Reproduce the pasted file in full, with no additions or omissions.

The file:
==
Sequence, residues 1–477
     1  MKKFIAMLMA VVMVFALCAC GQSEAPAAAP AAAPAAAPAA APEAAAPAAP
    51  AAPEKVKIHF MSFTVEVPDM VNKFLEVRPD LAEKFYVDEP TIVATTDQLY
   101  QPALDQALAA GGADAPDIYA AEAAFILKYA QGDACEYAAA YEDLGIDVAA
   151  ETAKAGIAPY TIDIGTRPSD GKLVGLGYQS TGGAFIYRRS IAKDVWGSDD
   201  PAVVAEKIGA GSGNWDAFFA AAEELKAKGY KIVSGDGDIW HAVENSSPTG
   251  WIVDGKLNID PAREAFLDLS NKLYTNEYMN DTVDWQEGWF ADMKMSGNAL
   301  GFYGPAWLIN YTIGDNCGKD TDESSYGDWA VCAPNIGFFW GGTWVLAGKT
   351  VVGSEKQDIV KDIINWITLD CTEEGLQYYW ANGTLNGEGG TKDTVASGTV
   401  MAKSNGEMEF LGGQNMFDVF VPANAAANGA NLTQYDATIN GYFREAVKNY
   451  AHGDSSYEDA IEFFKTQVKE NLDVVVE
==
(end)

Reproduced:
Sequence, residues 1–477
     1  MKKFIAMLMA VVMVFALCAC GQSEAPAAAP AAAPAAAPAA APEAAAPAAP
    51  AAPEKVKIHF MSFTVEVPDM VNKFLEVRPD LAEKFYVDEP TIVATTDQLY
   101  QPALDQALAA GGADAPDIYA AEAAFILKYA QGDACEYAAA YEDLGIDVAA
   151  ETAKAGIAPY TIDIGTRPSD GKLVGLGYQS TGGAFIYRRS IAKDVWGSDD
   201  PAVVAEKIGA GSGNWDAFFA AAEELKAKGY KIVSGDGDIW HAVENSSPTG
   251  WIVDGKLNID PAREAFLDLS NKLYTNEYMN DTVDWQEGWF ADMKMSGNAL
   301  GFYGPAWLIN YTIGDNCGKD TDESSYGDWA VCAPNIGFFW GGTWVLAGKT
   351  VVGSEKQDIV KDIINWITLD CTEEGLQYYW ANGTLNGEGG TKDTVASGTV
   401  MAKSNGEMEF LGGQNMFDVF VPANAAANGA NLTQYDATIN GYFREAVKNY
   451  AHGDSSYEDA IEFFKTQVKE NLDVVVE